THE HUDSON PROJECT | Raleigh, NC
There’s something about Raleigh. Among the top 10 fastest growing cities in the US, being a college town among college towns has helped it cultivate an especially vibrant arts community. And now, a new bright spot downtown: The Hudson Project by Artsuite. Located at 319 Fayetteville Street, the 4200-square-foot gallery space is part of Artsuite’s mission to activate non-traditional spaces with art and its commitment to help revitalize downtown Raleigh. Like many urban centers, the city has been deeply affected by the 2020 pandemic. “We want to support Raleigh's restaurants and retailers,” says Artsuite co-founder Marjorie Hodges. “If we encourage art enthusiasts to view new exhibitions, they will likely also grab a drink and dinner, or meet a friend downtown. Artists are an essential part of our community.”
By offering in-person, tangible experiences — in addition to its online arts commerce platform — Artsuite aims to make interacting with art feel accessible and exciting. Encounters with art can be powerful, and finding an elegant space to stage Artsuite exhibitions serves to enhance those experiences. The Hudson is a historic building opened in 1940 as the Hudson-Belk department store and was completely redesigned as a residential and retail center by Clearscapes in 2005. “The opportunity to activate a beautiful space designed by Clearscapes serves as an homage to the late architect Steve Schuster and friend Thomas Sayre,” says Hodges. “It’s a place that shouldn't be vacant or absent of art.” Artsuite will host quarterly exhibitions at The Hudson. Public openings and events will be planned when COVID-19 restrictions are lifted. Until then, viewings are available by appointment through firstname.lastname@example.org and available works can be viewed here.
“The Hudson Project, like other Artsuite projects, is designed to bring new people to art. Our goal is to encourage people to engage with art, to support living artists by acquiring art and to inspire new collectors and art enthusiasts.” — — Marjorie Hodges, Artsuite co-founder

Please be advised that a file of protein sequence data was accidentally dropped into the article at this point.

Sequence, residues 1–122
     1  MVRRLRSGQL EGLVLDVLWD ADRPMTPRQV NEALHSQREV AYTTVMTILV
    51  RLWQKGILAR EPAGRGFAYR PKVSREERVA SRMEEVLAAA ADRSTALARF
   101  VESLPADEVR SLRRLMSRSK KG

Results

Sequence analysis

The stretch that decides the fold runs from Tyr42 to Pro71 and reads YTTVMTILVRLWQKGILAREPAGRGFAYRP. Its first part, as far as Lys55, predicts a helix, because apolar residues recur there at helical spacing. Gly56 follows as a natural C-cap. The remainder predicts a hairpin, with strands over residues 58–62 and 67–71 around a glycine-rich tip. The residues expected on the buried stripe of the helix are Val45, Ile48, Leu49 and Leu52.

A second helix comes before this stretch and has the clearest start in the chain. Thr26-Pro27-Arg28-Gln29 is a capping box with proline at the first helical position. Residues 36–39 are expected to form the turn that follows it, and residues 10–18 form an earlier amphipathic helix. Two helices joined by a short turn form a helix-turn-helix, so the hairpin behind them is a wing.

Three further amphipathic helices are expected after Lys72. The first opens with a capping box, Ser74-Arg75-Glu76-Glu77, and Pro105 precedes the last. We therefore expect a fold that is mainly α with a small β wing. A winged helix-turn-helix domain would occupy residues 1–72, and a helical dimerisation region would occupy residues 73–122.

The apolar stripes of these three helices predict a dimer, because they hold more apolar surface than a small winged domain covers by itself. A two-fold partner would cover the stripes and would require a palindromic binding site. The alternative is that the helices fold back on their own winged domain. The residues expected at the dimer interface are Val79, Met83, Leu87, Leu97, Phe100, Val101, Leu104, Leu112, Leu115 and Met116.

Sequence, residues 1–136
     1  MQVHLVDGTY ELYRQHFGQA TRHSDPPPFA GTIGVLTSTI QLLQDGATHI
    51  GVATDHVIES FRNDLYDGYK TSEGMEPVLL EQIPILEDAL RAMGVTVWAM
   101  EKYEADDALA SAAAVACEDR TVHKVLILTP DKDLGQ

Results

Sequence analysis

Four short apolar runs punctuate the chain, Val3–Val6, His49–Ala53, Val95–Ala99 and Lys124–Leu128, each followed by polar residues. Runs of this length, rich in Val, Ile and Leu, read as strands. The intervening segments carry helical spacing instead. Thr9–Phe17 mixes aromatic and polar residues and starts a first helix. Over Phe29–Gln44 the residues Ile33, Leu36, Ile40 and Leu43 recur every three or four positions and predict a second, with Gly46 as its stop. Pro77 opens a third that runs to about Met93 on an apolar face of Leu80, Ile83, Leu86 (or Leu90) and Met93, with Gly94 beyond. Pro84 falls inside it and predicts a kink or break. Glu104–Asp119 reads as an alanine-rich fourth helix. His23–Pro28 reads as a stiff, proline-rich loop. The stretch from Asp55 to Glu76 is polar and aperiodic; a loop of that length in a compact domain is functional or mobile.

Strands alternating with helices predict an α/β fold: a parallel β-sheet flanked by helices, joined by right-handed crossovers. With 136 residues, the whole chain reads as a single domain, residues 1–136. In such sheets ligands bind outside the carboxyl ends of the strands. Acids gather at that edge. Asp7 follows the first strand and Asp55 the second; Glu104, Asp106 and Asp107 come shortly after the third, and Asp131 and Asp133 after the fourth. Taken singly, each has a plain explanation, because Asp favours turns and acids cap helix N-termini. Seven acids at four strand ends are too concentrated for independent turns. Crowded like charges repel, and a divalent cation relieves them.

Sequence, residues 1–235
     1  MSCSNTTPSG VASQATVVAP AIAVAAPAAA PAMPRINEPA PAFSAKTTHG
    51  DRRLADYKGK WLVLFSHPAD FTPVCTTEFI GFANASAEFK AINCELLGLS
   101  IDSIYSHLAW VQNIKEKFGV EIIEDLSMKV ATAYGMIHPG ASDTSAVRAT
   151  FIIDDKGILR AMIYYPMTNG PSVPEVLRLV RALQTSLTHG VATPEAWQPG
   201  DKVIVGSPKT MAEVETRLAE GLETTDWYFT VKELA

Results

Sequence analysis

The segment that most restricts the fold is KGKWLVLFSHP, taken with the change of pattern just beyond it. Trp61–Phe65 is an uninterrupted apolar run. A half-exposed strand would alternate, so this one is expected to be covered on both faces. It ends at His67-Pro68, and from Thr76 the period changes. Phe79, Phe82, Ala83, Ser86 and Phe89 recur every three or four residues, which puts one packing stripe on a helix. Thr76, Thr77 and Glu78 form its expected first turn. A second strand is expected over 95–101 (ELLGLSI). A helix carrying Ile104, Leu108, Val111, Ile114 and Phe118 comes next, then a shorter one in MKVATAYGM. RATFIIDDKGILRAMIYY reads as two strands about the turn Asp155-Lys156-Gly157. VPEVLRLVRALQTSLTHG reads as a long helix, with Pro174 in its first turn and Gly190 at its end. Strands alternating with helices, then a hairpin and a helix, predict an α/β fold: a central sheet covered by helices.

In this unique urban gallery, Artsuite will rotate through a variety of artists of different backgrounds and mediums and is currently showcasing Jack Early, Sangsun Bae, and Martha Thorn. Their photography, painting and mixed media works explore a variety of themes, from identity and culture to global crises and human suffering. These artists all have works that benefit from close inspection. And because many of the pieces on display are large scale works that can be challenging to showcase online, a venue like The Hudson is an ideal space for people to get up close and personal with each piece. “Encounters with art are meaningful, and this exhibition is no exception,” says Hodges. “Three diverse artists, three different media. We hope to evoke joy and an understanding of the language of emotion and culture, to take a deeper look at humanity. Artists are great storytellers.”
The exhibition will be on display through the end of 2020 and may be viewed by appointment. For more information, email email@example.com.
Why The Hudson? What was the process for securing this space?
“Interestingly, I curated this space with Kelly McChesney and Flanders Gallery 10 years ago. Then, for many years there was not an organized art program at the Hudson. The HOA and management there approached me about the project and I accepted. The residents are terrific and the guests are enjoying the art. The opportunity was completely organic.” — Marjorie Hodges, Artsuite co-founder
How has the 2020 pandemic affected the city and Artsuite’s mission?
“This year has had a destructive effect on the vibrancy of downtown. We must support a thriving city and one that encourages a live, work and play atmosphere. Raleigh has always had a creative vibe. We must do everything we can to bring it back and support everyone living in and around our city.” — Marjorie Hodges, Artsuite co-founder
Who can we see on display on the Hudson right now?
"Sangsun Bae, Jack Early and Martha Thorn"